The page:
June 20, 2008

Board Approves New Reading Materials

By Chris Manning, The Daily Review, Towanda, Pa.

Jun. 20--WAVERLY -- The Waverly School Board Thursday approved the purchase of new reading materials for kindergarten through second grade as part of the federal Response to Intervention (RTI) mandate.

Assistant Superintendent Kim Hollister, teachers Melinda Houser, Donna Saylor, Elaine Stoback, and principals Anne Bernard and John MaGuire were on hand to give the presentation on the mandate and what Waverly was doing to meet the criteria.

Hollister began the presentation by saying that RTI was mandated by the federal government and state schools must provide assistance early to kids that struggle instead of waiting until the problems pile up. The mandate is for general education children but is regulated by special education, according to Hollister. She said the focus is on reading, but also deals with math, behavior, and science. Hollister also said they have received a memo from the New York state government indicating that RTI must be in place by 2012. Also, if they do not meet the criteria of the mandate, she said, they would not be able to grade students the way they currently do.

Houser explained that RTI was implemented to keep kids out of special education by intervening at an early age. She described the three tiers behind RTI, with the first tier having the teacher looking at the problem the student is having and working with him or her individually. Houser said in the next tier the teacher would spend more time and frequency with the student on the problem and possibly have extra teachers come in the classroom to help. In the final tier, "intense interaction" would take place with the student on an individual basis. She said RTI would help kids get a better start in reading and keeps children in the classroom as people would be coming in to help instead of the children leaving.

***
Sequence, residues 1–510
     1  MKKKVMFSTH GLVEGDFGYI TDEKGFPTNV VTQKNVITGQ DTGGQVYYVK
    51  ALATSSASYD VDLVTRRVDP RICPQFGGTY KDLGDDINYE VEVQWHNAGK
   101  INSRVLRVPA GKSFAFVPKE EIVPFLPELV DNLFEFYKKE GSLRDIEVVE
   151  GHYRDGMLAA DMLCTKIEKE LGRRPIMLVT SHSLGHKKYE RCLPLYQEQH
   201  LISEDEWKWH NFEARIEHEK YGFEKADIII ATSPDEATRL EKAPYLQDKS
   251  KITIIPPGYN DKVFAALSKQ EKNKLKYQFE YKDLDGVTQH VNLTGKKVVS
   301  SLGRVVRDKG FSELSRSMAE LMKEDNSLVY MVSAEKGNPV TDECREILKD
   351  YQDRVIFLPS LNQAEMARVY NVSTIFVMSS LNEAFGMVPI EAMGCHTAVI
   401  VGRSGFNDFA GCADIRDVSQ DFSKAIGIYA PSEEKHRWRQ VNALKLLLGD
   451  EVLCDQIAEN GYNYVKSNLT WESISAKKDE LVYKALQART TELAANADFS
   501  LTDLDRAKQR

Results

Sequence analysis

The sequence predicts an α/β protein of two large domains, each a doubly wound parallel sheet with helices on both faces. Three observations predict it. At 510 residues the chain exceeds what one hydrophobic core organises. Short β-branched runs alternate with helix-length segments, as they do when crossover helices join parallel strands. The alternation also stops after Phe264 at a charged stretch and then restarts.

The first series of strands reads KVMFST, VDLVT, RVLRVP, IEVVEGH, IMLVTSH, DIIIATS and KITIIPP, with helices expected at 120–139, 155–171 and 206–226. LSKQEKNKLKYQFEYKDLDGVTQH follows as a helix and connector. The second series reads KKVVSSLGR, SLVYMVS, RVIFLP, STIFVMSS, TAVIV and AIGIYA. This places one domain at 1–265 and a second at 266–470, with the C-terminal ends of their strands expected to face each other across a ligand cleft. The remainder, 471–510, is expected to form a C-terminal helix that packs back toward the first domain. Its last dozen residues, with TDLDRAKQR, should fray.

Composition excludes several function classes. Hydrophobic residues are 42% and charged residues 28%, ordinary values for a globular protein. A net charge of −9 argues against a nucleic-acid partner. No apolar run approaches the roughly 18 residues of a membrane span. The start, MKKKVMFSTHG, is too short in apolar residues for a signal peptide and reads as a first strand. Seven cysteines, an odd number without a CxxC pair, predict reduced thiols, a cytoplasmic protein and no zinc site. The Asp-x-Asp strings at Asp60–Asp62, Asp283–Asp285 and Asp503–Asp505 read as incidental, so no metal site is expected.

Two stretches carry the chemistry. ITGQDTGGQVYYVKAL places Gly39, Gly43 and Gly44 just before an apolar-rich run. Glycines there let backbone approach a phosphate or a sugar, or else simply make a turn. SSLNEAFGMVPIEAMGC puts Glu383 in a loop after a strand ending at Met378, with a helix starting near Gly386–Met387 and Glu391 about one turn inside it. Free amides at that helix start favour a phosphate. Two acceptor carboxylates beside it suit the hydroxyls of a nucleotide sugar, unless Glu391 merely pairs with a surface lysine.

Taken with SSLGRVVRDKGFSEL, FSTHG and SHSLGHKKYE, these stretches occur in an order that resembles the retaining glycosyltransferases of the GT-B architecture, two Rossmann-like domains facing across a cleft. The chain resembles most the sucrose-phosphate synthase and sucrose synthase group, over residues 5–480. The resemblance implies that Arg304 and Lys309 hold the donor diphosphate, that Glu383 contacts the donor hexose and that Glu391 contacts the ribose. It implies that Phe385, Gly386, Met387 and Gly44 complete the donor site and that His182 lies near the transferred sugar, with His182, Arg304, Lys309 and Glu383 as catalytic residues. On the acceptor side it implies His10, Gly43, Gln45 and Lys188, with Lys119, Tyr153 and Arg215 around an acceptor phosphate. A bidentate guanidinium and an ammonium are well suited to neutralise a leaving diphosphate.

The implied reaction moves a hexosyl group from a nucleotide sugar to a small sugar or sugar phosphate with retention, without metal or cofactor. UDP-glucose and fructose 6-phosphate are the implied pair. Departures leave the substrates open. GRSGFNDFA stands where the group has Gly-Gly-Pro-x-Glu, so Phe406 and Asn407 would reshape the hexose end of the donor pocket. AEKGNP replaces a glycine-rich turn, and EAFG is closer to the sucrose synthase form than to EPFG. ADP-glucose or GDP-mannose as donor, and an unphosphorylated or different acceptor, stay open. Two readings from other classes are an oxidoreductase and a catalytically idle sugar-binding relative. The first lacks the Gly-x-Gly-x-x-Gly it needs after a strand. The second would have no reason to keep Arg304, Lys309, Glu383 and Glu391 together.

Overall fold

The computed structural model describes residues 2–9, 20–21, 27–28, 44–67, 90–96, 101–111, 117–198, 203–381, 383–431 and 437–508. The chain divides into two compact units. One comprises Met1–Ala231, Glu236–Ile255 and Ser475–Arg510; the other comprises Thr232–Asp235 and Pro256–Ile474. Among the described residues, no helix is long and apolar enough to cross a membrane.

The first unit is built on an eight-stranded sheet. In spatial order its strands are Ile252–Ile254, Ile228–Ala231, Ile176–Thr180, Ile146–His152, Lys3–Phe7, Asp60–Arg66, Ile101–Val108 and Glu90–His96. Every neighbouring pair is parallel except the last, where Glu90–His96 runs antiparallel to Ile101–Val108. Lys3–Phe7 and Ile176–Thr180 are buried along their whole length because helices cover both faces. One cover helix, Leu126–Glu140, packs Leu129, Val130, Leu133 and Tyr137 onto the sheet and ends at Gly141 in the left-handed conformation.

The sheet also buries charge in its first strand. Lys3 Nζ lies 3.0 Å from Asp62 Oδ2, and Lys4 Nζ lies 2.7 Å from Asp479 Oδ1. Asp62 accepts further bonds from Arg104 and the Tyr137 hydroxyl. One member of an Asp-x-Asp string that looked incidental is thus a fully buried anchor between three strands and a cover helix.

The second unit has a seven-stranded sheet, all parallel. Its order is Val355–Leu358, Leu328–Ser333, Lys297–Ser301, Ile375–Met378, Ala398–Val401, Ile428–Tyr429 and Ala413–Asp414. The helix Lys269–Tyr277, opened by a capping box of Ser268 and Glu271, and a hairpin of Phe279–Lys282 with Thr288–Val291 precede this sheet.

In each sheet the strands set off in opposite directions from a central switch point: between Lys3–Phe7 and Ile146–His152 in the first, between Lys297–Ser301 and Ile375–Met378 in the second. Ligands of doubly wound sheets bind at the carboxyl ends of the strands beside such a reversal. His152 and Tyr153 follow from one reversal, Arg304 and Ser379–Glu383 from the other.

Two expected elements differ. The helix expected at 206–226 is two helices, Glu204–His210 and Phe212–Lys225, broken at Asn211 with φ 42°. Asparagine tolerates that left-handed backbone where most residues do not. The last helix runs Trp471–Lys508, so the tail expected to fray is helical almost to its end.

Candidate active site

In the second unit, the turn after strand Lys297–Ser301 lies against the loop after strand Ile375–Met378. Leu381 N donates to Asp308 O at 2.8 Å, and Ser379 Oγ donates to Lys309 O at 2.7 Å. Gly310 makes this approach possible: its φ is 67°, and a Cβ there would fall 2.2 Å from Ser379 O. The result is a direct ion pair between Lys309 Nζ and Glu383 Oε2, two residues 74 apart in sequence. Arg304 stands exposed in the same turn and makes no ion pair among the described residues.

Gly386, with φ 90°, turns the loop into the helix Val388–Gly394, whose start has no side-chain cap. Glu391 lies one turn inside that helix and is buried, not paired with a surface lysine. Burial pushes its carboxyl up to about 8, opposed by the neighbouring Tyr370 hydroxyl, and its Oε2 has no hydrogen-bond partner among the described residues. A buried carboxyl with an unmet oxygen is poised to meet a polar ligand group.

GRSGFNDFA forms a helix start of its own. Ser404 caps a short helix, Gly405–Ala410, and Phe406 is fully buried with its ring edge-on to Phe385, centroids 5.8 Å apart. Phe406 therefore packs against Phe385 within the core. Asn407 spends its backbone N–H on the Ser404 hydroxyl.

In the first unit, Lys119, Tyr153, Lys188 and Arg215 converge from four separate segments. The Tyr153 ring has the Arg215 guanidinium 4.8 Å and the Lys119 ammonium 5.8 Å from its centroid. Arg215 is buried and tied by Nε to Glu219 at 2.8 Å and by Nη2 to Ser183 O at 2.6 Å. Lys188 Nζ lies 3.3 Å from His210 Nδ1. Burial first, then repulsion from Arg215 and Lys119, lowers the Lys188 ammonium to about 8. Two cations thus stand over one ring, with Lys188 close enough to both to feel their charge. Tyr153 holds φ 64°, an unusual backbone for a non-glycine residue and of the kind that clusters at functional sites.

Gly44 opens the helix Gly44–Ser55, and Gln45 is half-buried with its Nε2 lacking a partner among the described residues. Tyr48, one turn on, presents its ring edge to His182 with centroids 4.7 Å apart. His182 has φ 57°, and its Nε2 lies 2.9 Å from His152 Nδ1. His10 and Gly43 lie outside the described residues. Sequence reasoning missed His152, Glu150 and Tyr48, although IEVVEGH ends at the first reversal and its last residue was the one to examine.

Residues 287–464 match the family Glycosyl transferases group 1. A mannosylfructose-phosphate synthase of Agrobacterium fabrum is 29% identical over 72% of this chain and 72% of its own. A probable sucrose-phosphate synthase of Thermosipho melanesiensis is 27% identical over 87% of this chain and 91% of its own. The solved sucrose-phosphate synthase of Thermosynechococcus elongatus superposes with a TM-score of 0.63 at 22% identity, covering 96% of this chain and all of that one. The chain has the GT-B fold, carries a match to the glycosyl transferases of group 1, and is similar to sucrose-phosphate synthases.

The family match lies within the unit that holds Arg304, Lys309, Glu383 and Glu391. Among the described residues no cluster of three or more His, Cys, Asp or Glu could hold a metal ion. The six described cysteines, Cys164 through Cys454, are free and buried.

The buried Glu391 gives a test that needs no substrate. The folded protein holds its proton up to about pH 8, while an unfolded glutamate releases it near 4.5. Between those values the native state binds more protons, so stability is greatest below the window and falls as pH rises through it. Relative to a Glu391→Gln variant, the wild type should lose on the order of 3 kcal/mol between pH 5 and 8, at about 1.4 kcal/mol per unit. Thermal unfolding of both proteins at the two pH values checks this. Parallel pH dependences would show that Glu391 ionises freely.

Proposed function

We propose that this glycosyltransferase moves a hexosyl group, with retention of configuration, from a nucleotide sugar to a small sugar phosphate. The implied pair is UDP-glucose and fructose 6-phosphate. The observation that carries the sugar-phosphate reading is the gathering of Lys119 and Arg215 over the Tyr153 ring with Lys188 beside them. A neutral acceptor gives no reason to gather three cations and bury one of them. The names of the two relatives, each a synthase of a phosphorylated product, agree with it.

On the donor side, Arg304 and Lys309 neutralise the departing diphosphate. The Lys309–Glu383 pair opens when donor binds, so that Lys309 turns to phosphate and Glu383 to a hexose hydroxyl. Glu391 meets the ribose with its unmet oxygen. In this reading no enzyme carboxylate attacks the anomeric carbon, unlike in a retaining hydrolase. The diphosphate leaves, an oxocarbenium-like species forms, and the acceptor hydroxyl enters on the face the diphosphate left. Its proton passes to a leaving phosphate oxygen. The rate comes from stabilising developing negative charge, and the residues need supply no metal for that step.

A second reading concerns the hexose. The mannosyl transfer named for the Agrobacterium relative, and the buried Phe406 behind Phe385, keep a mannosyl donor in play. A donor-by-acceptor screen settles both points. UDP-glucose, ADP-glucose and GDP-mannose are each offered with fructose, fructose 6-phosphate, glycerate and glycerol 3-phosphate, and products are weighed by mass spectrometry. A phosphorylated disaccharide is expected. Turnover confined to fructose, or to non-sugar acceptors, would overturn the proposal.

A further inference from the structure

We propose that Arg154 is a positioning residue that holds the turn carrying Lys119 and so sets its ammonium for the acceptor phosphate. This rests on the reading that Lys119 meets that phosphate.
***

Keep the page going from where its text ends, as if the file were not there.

The presentation also included the new reading series that the teachers selected for the students, Reading Street. Hollister said they hadn't updated their reading series since the early 1990s. Teacher Donna Saylor said that she likes Reading Street because it not only helps students but challenges those that needed challenging. Teacher Elaine Stoback said the other option was brand new and that they didn't want to be "guinea pigs" for it. She also mentioned that Reading Street was already eight years old and had an overachievement program. Hollister said that Reading Street was already in over 40 school districts in New York and that some of those school districts saw a 20 percent increase in all the students reading averages. She mentioned the pre-kindergarten is already using this program. Hollister added that Reading Street was created specifically to follow RTI criteria. Principal Ann Bernard said now is "the time to do this."

Also at the meeting the board approved the RAN Renewal Resolution, which has the school borrow 4.5 million dollars to help get through the summer until taxes become available in September and state aide arrives in January. It also approved contracts with DCMO BOCES and Guthrie Clinic LTD Medical Services, which was considered standard procedure.

Board President Jean Barber announced the resignation of James Parente via letter, which the board accepted. The board has yet to decide whether to replace Parente or to continue with only eight members. McMahon said Parente resigned for "personal reasons."


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